‘If you’re not paying for it, you are the product’, a statement everyone in the data-driven internet market agrees upon. But is it possible to get services absolutely free without losing your data to a cloud-based Advertisement AI in the 21st century?
Well, the chances are slim but Duolingo has managed to get it done.
What is Duolingo?
Valued at $1.5 billion, Duolingo is a free language learning platform where they gamify the courses to keep users interested in learning a new language. The platform is accessible from a browser and has an app on every major platform i.e IOS, Android, Windows.
As of 2020, Duolingo offers 37 language courses, tinycards (a flashcard based learning system), Duolingo for school (a language learning platform for tutor and students) and Duolingo English proficiency test (it gives you a certification of English proficiency for a minimal fee).
The language learning platform has a whopping 500 million registered user-base, with 42 million monthly active users who use the application to learn around 2000 words and 8000 sentences of various languages of their choice, for free.
Duolingo is also known for adding fictional languages like High Valyrian and Klingon to its list which in turn has garnered a bunch of enthusiastic geeks.
But what is the concept behind Duolingo?
Duolingo was founded by Luis Von Ahn (known for his work in CAPTCHA and Re-CAPTCHA) and his student Severin Hacker. It was based on the base principle of Re-CAPTCHA. Re-CAPTCHA is a major crowdsourcing information program where the system takes information from users to verify if they are human and also convert to text scanned images that the machine is unable to comprehend.
You might ask how is this related to Duolingo?
Duolingo worked on a similar model to that of Re-CAPTCHA. While Re-CAPTCHA worked on crowdsourcing words that are unreadable to the machine, Duolingo took human help to translate a particular document from one language to another. Although Translate tools are progressing every year, they were not quite capable of precisely translating phrases from one language to another a few years back.
To tackle this problem, the ingenious business model of Duolingo was introduced. With the gamification process, users are hooked on learning a new language and the whole application being free gives them an added incentive to use it. But what they don’t realize is the application actually is providing text to translate and as a part of the learning process, they are simultaneously translating the text which is going to be useful to some website. When a defined number of users give the same translation for a particular sentence, the website considers that as the legitimate translation and saves that as the translated text.
How Does Duolingo Make Money?
When Duolingo started out, it gave the premium experience of an ad-free application for free. So how was the company earning revenue?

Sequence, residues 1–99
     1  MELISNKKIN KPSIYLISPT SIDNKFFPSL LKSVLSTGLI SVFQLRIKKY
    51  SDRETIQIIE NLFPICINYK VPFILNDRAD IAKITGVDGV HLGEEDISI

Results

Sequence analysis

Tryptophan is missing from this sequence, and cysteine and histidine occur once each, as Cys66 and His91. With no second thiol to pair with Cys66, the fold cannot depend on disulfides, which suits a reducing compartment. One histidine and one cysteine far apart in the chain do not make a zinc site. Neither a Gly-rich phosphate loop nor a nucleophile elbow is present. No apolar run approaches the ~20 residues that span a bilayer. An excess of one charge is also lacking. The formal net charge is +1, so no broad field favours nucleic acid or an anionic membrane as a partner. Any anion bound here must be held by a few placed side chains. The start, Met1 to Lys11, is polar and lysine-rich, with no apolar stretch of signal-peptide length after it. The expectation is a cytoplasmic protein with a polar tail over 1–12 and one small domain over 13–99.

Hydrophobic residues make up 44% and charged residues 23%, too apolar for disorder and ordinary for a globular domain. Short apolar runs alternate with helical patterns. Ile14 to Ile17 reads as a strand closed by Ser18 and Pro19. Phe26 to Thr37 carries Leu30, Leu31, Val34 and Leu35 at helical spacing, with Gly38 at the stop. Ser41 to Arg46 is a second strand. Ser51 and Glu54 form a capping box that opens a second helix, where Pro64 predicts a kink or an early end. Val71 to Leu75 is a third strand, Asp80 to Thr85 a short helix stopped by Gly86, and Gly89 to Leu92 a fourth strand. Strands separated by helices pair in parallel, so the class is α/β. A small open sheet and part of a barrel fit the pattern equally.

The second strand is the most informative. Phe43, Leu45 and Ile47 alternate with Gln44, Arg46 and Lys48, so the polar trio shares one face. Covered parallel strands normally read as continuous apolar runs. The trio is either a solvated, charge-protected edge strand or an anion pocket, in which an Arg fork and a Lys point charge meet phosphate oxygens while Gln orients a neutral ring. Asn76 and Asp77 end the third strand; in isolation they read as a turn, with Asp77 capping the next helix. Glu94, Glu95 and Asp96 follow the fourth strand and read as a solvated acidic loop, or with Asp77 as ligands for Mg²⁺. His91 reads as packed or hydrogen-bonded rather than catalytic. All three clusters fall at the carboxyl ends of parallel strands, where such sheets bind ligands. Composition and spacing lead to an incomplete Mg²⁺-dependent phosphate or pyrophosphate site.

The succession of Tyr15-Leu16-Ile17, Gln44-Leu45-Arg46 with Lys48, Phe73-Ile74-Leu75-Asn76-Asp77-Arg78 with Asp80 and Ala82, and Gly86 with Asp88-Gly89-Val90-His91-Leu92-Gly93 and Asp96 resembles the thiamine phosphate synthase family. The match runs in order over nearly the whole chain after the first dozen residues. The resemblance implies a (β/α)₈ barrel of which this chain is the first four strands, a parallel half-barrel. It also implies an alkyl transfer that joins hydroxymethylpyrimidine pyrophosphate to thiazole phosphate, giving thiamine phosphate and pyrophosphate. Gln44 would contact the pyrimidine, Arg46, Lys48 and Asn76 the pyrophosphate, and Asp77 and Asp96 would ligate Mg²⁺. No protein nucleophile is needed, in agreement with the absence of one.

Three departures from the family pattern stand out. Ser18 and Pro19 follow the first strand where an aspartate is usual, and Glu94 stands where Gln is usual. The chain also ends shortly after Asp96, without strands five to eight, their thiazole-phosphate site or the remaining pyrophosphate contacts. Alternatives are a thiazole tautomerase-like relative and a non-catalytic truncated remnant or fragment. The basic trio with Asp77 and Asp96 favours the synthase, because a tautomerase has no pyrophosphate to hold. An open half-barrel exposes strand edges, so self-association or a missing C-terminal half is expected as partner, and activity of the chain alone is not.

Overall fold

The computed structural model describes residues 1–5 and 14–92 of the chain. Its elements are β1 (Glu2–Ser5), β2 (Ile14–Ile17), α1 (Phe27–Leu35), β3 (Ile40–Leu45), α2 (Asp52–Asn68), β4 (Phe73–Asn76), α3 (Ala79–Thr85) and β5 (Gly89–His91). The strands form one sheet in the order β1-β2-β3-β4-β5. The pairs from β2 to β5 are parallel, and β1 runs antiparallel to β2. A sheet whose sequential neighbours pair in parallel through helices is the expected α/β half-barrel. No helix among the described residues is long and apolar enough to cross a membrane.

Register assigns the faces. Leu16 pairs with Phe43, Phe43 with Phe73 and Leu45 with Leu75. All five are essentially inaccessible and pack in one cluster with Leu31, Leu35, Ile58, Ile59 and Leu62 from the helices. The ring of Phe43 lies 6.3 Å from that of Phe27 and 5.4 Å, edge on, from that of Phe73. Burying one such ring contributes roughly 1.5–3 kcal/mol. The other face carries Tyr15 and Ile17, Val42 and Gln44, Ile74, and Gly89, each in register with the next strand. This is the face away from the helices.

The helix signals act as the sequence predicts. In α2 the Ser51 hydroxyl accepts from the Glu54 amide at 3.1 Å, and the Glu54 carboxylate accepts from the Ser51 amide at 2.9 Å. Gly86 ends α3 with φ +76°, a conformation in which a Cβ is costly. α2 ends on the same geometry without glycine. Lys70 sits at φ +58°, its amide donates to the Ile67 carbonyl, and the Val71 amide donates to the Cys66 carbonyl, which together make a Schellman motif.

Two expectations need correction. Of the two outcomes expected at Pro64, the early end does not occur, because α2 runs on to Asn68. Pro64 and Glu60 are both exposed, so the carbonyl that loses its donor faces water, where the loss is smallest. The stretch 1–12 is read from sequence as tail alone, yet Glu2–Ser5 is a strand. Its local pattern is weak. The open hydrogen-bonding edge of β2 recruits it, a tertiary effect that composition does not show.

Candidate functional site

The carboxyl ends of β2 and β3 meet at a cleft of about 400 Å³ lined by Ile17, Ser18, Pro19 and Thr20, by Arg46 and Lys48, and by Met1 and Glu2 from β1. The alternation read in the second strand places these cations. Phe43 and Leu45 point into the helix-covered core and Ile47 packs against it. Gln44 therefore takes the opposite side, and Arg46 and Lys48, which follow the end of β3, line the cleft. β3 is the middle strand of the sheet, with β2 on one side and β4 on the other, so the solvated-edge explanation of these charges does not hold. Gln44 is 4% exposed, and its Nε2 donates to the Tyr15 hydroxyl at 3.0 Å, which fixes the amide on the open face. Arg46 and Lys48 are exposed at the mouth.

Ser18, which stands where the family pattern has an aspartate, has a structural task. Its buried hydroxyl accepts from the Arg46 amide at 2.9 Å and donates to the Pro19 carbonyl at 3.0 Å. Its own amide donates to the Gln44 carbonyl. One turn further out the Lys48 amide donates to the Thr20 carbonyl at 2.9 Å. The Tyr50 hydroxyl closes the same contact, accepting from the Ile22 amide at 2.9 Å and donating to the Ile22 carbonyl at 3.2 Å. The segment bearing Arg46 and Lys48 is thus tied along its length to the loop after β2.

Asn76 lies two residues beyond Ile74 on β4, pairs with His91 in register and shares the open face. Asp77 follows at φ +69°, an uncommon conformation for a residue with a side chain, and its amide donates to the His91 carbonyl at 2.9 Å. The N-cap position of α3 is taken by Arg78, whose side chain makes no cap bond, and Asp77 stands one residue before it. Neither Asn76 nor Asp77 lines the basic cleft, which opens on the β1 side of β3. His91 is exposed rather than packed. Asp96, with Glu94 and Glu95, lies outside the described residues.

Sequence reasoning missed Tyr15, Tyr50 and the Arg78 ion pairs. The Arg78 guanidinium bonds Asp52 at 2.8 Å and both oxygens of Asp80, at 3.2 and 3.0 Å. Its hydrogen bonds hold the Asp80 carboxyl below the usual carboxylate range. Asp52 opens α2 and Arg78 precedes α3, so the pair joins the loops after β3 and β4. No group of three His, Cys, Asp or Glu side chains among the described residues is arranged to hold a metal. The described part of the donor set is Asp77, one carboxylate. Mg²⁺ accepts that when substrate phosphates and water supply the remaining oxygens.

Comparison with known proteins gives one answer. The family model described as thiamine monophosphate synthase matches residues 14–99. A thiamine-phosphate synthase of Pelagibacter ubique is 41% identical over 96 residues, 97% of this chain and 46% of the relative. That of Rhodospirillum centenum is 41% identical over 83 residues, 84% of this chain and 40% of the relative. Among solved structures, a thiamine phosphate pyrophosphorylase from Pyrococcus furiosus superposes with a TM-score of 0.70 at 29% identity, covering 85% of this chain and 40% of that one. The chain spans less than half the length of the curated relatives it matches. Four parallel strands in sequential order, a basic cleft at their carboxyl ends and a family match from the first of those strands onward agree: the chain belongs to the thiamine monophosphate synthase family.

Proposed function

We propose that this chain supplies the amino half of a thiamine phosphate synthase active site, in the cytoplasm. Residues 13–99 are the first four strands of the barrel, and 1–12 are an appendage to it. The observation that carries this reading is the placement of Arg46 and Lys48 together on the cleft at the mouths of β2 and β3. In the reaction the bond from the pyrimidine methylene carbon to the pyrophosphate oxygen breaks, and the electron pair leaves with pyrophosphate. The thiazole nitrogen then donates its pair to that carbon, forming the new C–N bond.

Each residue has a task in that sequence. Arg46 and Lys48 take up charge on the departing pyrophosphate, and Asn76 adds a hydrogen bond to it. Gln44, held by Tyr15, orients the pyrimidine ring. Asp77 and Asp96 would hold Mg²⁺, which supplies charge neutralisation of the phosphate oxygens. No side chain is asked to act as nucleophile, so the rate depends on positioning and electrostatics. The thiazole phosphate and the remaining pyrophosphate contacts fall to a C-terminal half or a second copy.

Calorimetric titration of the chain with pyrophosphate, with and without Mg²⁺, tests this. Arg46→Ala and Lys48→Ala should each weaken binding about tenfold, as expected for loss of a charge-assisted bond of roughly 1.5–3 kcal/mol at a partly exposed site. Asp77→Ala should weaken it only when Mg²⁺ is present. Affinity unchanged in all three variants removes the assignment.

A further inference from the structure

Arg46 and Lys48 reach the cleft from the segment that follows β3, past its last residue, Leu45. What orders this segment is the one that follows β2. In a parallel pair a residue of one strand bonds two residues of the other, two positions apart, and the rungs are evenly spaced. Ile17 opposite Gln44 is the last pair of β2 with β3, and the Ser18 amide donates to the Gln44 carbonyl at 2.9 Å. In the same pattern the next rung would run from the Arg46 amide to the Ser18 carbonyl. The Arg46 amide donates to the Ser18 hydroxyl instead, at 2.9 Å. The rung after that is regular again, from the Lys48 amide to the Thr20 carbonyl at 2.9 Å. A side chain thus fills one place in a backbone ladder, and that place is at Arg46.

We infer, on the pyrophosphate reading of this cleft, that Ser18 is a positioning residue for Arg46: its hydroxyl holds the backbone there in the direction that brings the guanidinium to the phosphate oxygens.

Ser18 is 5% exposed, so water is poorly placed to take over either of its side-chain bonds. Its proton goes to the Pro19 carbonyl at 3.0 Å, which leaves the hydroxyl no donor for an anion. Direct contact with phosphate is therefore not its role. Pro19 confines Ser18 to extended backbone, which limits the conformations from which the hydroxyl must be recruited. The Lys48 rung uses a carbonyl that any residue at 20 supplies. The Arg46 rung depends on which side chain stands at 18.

Duolingo had the client base of content heavy websites like CNN, BuzzFeed, etc. These websites wanted their content to be translated, and Duolingo with the help of crowdsourced translation would translate the text in an effective and much cheaper price than a professional translator. Thus, helping the users as well as developing revenue to sustain itself.
However, Duolingo in its recent years has tabled the initial idea of giving a premium experience. Now, Duolingo has added tiny not so intrusive advertisements that help them generate revenue as the initial model was quite cumbersome and didn’t generate enough revenue. It has moved towards the freemium model now as it offers a paid version of the app that removes advertisements and you can pay to obtain gems, an in-game currency that helps you unlock content beforehand and also gives you extra chances.
Duolingo is known to run A/B tests regularly to identify what ads work and the amount of intrusiveness on the ads and the resulting response of the user to each ad. It overall tries to keep the system as user friendly as possible, while identifying how it could maximize revenue.
Duolingo also offers Duolingo English test, a certification test that gives you a validation certificate that proves your proficiency in English for $49.
The company has even started with the offering Duolingo for schools, which provides two separate accounts: for educators and for students to track and train new languages in schools.
Although Duolingo has tabled its initial idea of making it a premium experience and creating a win-win scenario, it is still one of the most ingenious business models and needs to be recognized. With the next generation of crowdsourcing information models coming in, Duolingo will always be considered a pioneer in this incredible model.
Go On, Tell Us What You Think!
Do you use Duolingo? Does Duolingo business model interest you? Let us know in the comments.
Engineer by education. Writer by choice. I learn about new things by writing about them.
I’ve heard a similar story from Nuance about giving away Dragon Dictate to collect data that can be resold in other premium commercial services to phone system operators. I find it hard to believe that Von Ahn’s translation income stream was enough to offset the costs of developing and operating Duolingo. Von Ahn got rich from recaptcha. He could afford to carry Duolingo for as many years as he liked. I notice that you did not estimate Duolingo’s revenues from ads and IAP. I suspect the IAP component has grown to be quite significant considering the size of the MAU.
Great article Anuj. I am intrigued to visit Duolingo now and learn high Valerian.
I highly admire the innovation in every detail of duolingo